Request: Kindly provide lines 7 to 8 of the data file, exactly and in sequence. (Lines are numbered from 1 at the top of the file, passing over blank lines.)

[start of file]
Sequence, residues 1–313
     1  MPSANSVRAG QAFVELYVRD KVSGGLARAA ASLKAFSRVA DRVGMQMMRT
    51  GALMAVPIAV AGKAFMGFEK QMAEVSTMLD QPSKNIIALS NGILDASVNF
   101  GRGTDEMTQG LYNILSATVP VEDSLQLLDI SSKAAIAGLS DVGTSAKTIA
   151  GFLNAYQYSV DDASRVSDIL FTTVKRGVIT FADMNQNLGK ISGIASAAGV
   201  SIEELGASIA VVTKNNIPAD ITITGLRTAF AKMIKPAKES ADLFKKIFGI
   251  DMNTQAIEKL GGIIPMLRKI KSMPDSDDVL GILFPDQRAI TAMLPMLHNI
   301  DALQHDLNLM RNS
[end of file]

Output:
   251  DMNTQAIEKL GGIIPMLRKI KSMPDSDDVL GILFPDQRAI TAMLPMLHNI
   301  DALQHDLNLM RNS